Harley-Davidson motorcycles, dairy products, ginseng, cranberries and other Wisconsin goods are likely to feel the sting of retaliation from steep tariffs announced Thursday by the White House on foreign metals.
Commerce Secretary Wilbur Ross said Canada, Mexico and the European Union would be subject to a 25 percent tariff on steel and a 10 percent tariff on aluminum beginning at midnight. Other countries, including Argentina and Brazil, agreed to limit metal exports.
“The president’s overwhelming objective is to reduce our trade deficit,” Ross said. “We believe that this combined package achieves the original objectives that we had set out, which was mainly to constrict the import of steel and aluminum.”
European trade officials have previously threatened to respond to Trump’s move with duties on U.S.-made motorcycles, orange juice and bourbon, among other things.
French Finance Minister Bruno Le Maire said Wednesday that the European response to increased tariffs would be “united and firm.”
Wisconsin could be hard hit, as the state is the world’s largest exporter of ginseng and cranberries, and it’s among the top exporters of dairy products.
Milwaukee-based Harley-Davidson Inc. could feel the pinch in both the rising costs of steel and aluminum, and in higher prices of its motorcycles sold outside the U.S.
“Import tariffs on steel and aluminum will drive up costs for all products made with these raw materials, regardless of their origin. Additionally, a punitive retaliatory tariff on Harley-Davidson motorcycles in any market would have a significant impact on our sales, our dealers, their suppliers and our customers in those markets,” Harley said in a previous statement.
This wouldn’t be the first time that Harley, the world’s largest manufacturer of heavyweight motorcycles, has faced tariffs in trade disputes. The EU threatened tariffs on its bikes in 2003.
Harley plans to open a motorcycle assembly plant in Thailand this summer, as the tariff on motorcycles assembled in the U.S. is about 60 percent in Thailand, according to the company.
The steel and aluminum tariffs could raise prices for a plethora of other Wisconsin-made goods, from beer to green beans, that use metal for product containers.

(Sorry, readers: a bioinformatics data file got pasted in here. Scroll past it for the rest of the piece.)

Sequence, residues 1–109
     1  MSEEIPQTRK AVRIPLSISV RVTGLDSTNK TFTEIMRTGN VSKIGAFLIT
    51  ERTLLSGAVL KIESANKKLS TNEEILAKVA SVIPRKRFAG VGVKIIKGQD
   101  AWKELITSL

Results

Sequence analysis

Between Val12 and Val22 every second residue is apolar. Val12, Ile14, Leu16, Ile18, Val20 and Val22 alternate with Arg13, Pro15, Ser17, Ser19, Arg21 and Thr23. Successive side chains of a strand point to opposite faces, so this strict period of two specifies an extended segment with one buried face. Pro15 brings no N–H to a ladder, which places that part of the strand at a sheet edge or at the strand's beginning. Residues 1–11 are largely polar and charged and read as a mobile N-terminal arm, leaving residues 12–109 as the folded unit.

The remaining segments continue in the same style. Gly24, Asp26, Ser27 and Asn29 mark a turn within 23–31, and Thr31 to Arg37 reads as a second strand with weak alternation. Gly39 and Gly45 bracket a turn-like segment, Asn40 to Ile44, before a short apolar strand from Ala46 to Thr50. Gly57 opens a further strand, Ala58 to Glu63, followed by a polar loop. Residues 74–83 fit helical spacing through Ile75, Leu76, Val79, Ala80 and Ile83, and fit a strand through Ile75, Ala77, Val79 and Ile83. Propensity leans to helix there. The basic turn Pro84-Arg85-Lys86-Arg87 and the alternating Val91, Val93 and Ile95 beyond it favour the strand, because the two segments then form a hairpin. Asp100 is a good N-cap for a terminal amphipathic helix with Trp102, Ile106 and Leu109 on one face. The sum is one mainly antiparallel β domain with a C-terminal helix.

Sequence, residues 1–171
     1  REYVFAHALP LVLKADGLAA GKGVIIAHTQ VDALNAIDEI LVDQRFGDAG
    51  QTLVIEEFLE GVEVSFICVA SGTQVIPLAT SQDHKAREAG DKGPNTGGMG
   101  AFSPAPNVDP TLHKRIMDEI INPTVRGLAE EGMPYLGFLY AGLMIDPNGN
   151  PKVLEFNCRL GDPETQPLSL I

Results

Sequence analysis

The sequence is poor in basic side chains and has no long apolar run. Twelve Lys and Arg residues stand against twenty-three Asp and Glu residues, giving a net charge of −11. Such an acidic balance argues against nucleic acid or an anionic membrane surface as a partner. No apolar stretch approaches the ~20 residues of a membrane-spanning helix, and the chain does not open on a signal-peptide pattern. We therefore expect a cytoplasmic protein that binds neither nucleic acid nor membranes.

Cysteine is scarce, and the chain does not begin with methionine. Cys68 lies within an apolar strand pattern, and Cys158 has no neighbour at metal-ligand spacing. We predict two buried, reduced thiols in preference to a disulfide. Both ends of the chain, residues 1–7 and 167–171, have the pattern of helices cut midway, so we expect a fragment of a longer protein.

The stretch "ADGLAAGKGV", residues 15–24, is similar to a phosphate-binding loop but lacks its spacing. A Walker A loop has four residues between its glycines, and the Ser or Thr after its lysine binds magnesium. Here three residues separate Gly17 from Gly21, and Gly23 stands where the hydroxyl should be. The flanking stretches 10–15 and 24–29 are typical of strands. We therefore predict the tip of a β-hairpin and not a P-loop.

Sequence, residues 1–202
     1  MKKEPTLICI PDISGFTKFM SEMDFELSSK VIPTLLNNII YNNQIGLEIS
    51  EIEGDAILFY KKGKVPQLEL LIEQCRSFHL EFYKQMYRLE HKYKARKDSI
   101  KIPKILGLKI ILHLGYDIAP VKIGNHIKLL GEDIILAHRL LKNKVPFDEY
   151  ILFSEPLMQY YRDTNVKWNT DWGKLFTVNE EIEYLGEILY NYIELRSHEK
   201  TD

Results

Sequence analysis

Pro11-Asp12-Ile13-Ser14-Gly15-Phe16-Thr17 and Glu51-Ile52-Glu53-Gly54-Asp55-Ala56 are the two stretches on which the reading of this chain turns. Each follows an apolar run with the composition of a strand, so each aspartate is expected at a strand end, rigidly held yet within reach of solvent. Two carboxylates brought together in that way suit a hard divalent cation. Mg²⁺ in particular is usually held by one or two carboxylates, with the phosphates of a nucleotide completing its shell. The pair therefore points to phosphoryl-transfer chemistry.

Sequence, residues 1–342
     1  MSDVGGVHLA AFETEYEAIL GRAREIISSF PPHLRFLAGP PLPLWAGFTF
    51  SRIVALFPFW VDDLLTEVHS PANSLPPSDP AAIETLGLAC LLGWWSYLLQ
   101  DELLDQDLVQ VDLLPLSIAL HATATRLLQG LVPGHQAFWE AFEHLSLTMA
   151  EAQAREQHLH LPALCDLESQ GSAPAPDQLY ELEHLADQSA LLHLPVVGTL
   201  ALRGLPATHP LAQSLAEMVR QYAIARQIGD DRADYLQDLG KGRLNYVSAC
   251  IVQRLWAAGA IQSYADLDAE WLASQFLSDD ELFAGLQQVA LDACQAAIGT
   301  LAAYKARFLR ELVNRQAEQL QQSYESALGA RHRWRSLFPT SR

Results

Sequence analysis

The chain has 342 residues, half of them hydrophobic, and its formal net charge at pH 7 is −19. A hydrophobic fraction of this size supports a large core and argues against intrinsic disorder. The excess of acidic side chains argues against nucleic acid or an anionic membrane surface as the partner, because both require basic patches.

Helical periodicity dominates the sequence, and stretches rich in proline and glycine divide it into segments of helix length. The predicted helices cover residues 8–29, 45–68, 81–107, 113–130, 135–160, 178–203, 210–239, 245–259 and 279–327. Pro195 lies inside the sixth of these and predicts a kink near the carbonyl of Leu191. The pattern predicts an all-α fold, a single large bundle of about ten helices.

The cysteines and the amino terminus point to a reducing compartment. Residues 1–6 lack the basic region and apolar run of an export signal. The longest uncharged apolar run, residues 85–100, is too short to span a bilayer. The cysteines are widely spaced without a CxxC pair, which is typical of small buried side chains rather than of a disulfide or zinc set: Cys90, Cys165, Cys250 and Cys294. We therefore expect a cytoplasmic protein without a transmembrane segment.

“We appreciate President Trump’s desire to bring back jobs in the U.S. aluminum industry. However, the Beer Institute and its members stand united against the recently-imposed tariffs on imported aluminum,” Jim McGreevy, president of the Washington, D.C.-based Beer Institute said Thursday.
“These tariffs are a new $347 million tax on the U.S. beer industry. Over the long run, these tariffs will drive aluminum prices higher globally, increasing the cost of beer production for all brewers. The tariffs are already having an immediate and disproportionate impact on American brewers and American jobs,” McGreevy said.
“Ending the exemptions for our trade allies will only lead to more uncertainty in the aluminum market. The price of aluminum had already skyrocketed since President Trump announced tariffs on aluminum, meaning increased prices for America’s more than 5,000 active brewers and importers,” he added.
Mexico says it will answer tariffs on steel and aluminum announced by the Trump administration with duties of its own on a variety of U.S. products.
Mexico says it will impose tariffs on U.S. exports, including pork bellies, apples, grapes, cheeses and flat steel, among other things.
A statement from Mexico’s economy ministry says the U.S. use of a national security justification is improper and that the tariffs affect strategic sectors for North America, including automotive, aerospace and electronics.
This story will be updated. USA Today contributed to this report.